The Sterling was essentially a re-badged Honda Accord built as a joint-venture at the Rover Group's Cowley plant, near Oxford. I lived not far away from it for a few months many years ago -- my landlady actually worked on the assembly line. She candidly told me about the frustrations their Japanese partners were experiencing working with the Rover employees. She was quite certain the project would fail (which it did) and she'd end up on the dole. I don't know if the latter occurred since Rover's Cowley works ended up in BMW's hands. I amuse myself thinking that she assembled my Mini, all these years later, and hope her work is better than her cooking. ;)
     
  17. 840quadra Moderator

    840quadra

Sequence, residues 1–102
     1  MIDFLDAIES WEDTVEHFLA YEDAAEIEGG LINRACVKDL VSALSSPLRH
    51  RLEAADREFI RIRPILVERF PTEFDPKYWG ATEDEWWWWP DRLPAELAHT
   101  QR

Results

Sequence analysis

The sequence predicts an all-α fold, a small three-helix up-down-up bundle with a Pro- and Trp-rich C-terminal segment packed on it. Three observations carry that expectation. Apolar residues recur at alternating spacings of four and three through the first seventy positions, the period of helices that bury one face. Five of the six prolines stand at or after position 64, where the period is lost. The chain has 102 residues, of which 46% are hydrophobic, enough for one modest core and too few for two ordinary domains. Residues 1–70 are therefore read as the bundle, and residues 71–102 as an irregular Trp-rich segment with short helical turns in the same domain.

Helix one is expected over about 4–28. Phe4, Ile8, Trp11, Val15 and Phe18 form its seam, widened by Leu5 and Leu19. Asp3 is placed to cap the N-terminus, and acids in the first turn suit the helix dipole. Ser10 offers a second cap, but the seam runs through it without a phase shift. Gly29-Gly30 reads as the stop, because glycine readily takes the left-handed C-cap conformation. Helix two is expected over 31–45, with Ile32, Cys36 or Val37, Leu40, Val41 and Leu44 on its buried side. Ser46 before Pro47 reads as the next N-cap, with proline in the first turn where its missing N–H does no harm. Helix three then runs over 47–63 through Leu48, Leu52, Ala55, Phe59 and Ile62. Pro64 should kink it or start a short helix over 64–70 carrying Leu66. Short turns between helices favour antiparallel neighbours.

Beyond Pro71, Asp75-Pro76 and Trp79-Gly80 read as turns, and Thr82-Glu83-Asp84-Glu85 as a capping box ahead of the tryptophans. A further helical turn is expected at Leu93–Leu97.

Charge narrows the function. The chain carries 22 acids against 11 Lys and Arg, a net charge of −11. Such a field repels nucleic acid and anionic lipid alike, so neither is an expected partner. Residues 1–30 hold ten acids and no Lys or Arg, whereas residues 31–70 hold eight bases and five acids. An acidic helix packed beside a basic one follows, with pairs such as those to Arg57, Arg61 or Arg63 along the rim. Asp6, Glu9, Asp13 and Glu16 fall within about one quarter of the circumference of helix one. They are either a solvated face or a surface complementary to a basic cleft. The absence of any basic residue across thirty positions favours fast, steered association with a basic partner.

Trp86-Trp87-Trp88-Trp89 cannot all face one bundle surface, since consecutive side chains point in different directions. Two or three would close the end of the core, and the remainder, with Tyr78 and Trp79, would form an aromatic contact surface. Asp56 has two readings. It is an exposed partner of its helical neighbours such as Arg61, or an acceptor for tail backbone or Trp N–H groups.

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    #17

    LOL that is a good story!!

    I will have to remember that when I go to look at the John works cooper (i write freelance automotive media). I shoud put in my article, I hear that one of the factory workers is not that great at cooking, but the quality of this car, appears to be baked out just fine!!

    ;)
     
  18. Blackstealth macrumors regular

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    Bradford, UK
    #18
    Just to add my tuppence worth...

    BMW did the same; realised what a mess Rover was to begin with, saw they could make a fair amount of money with the new Mini and helped themselves to a few tasty patents and technologies before laughing their way back to Munich.

    Can't say I really give a monkey's about MG and Rover going under, they haven't had anything going for them since the SD1. I do find the whole situation slightly amusing tho', one of my colleagues bought a new MG ZR last week - ugly car with a very temperamental alarm (keeps going off every half hour or so).